Interview: John Vanderslice on the Future of Media and Music
John Vanderslice's spring tour with St. Vincent begins tomorrow night in Portland. Garrison Reid caught up with JV before the tour to discuss the current condition of independent music, and to get an explanation of a specific mention on a recent tech podcast.
As a podcaster and serious Apple geek, This Week In Tech's MacBreak Weekly, a podcast which discusses Apple issues, product rumors and product recommendations, has become a must-listen. Nearly each episode, hosts find their way into conversational "ratholes" on a variety of tangent topics. Merlin Mann is a frequent guest on the podcast as well as an editor of multiple blogs. Most recently, Mann has begun The Merlin Show, an amazing new video podcast of interviews. Since it began last month, the podcast has featured Mann's friends, including John Vanderslice and John Roderick.
At some point during February 17's edition of MacBreak Weekly, Mann alludes to a prior conversation with Vanderslice in which John mentioned that for his next record no money will be spent on print advertising. This past month, John Vanderslice was generous enough to expand on Merlin's allusion. Vanderslice is one of the absolute smartest characters in the music industry, from his work at Tiny Telephone in San Francisco to his holistic approach to making, promoting and living within the indie music world. Here, in this exclusive, Vanderslice offers no shortage of insight on the latest affairs of media, survival and the music industry.
Garrison: Why do you think a better executed mix of media selection is so important for bands now? Is this selective media planning merely a financial, and marketing, necessity, or is there something larger at stake?
JV: When you initially emailed me, I was sure I could respond to these questions quickly, but the more I thought about these things, the longer and more complicated my responses became. Then I realized: bands have to come up with a new marketing plan on each record. Things are changing quickly, and if you think these things don't matter, wait until you get your quarterly statement from the label. That's your money they are spending. Sometimes to great effect, sometimes not.
I have a permanent band now -- 3 amazing musicians that need to get paid. So I think about these things way more than I used to. So for me [the decision to go print-free is] mostly financial. I'm not an anti-advertising purist, I am completely at peace with selling art. If Vanity Fair emailed me and said: "we'd love to give you a pull-out three page ad spread for free because we want to break the record for most ad pages this month!", who would turn that down? But is it worth $17k? A quarter page ad in glossy magazines is very expensive, and it's very tough to tell currently if that ad is going to motivate someone who isn't interested in what you do anyway, right?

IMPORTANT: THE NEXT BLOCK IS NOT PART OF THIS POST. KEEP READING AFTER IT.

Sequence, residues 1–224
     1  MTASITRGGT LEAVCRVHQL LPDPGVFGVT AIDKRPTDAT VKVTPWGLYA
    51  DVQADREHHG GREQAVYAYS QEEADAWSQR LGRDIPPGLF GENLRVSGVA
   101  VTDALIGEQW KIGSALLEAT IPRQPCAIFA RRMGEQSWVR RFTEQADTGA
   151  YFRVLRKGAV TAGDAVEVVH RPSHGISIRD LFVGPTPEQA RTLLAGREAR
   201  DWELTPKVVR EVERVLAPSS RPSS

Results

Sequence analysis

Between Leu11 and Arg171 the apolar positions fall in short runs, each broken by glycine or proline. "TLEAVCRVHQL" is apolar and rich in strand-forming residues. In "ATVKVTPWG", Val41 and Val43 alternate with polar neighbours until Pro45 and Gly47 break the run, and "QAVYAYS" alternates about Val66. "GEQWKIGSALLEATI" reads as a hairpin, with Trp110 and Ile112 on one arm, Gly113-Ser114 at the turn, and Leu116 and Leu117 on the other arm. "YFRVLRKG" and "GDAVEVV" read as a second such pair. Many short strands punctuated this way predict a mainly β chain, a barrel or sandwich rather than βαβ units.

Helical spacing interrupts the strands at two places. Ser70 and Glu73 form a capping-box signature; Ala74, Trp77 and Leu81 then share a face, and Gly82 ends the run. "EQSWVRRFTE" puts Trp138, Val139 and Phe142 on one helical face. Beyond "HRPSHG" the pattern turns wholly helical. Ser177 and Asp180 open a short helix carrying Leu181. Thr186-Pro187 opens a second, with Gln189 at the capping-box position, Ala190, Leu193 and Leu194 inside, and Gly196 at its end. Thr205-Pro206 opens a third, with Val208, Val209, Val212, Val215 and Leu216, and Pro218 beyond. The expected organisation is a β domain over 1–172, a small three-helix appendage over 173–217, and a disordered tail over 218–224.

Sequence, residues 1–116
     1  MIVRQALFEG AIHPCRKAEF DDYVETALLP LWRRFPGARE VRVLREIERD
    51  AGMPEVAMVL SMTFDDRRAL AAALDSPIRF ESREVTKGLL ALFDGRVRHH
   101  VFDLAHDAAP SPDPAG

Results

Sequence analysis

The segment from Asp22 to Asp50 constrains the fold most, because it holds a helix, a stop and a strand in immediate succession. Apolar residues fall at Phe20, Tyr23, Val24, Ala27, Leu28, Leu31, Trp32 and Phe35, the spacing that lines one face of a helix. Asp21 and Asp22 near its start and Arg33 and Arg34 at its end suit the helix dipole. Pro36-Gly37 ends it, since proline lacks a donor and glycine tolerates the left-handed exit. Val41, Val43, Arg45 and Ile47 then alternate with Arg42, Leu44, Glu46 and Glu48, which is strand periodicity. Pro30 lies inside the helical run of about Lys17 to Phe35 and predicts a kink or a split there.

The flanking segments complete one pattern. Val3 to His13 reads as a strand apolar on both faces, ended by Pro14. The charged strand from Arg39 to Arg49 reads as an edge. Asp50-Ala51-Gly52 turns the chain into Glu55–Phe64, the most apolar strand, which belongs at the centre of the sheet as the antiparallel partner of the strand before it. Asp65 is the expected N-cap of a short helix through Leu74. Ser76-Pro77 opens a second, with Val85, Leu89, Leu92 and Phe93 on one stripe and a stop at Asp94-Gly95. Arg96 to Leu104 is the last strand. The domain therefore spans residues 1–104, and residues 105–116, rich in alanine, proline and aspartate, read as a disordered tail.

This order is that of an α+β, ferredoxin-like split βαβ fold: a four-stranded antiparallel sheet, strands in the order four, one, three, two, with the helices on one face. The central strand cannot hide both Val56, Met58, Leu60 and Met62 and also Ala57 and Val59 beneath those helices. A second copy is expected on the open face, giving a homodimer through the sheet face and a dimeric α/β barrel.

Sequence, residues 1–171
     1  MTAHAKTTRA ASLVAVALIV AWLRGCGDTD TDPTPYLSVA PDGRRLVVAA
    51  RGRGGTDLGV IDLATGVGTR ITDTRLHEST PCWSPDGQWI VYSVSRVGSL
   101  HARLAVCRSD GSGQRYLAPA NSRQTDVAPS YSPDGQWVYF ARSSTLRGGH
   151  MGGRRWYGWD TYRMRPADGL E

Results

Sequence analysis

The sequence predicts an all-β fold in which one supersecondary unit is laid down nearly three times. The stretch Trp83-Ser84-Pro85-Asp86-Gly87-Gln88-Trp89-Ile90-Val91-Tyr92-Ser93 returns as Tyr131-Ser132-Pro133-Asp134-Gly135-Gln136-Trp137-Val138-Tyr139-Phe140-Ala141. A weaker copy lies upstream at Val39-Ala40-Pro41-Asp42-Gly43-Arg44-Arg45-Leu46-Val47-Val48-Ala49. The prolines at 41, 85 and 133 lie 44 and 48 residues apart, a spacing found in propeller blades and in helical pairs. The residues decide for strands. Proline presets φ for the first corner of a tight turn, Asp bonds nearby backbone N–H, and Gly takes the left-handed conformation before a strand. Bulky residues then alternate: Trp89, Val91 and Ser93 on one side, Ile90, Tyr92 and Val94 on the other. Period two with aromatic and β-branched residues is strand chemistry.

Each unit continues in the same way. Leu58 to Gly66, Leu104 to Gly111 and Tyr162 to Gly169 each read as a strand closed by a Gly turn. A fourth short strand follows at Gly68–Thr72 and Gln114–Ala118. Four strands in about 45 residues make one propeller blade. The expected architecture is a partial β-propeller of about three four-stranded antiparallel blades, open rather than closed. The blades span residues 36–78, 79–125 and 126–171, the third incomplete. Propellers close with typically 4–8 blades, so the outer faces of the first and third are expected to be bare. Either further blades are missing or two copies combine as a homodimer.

That's why print media is problematic for music. You can't hear the music. On the web, it's a given. You can listen, and you can listen right away. This matters more and more when there are dozens of great records coming out every week -- from every country, in every genre.
Why are labels struggling so? Why are traditional media marketing and advertising initiatives falling so flat?
You can't buy your way into sales and that's why the majors are hurting. I'm still confused as hell but it's not "why doesn't the model work?" it's "what's the new model?" It's evolving much faster than a record cycle.Are "consumer journalists" in this modern era of media and communications as knowledgeable as traditional critics? How does one's knowledge play into the big picture? Do we live in a wiki-world where an author's resume, or expertise, no longer matters?
So the 1/4 page, 4-color ad that costs the band $2,000 is basically a notice to fans: THE RECORD IS OUT! Why can't you do that on the web?
I love magazines, I subscribe to tons of them. everything from Dwell to Wire to Harper's. I just don't think print media is an efficient way to sell art.
The limitation of a print ad carries over to a review. If your record is reviewed in a block of fifty other reviews, who actually sees it? Who actually remembers it? If people don't know who you are, the words are totally disconnected from the music. Much more than say reading a book review on a subject you know nothing about.
One reason why this equation is so different now is the immediacy and directness of the web. When you go to SixEyes, you are reading the thoughts of Alan Williamson. There are no other mediators: no editors or designers, no lead time, no ad or marketing departments, no overhead and no deadlines. He is beholden to nobody. The birth of credibility!
Click the read more link to read the rest of Garrison's interview with John Vanderslice, and to download a couple tracks from Scott Solter's remix of JV's Pixel Revolt...
JV: At some point, the question has to be: Does spending this money do anything for my career in the long-term? Have you ever bought a record because of an ad or a print review? NEVER! You buy a record because someone you trust tells you the new Field Music or Lil' Wayne record is good.
The goal for any band should be fostering a career, and on the scale of me and my label, and my band mates, and my manager, that means recouping.
If you aren't profitable,
1. Your crew is going to eventually give up on you.
2. You will lose your autonomy and you'll start doing weird things to make money.
3. You'll have to work. This is a big mistake!
The music will eventually suffer, and therefore your career will eventually suffer.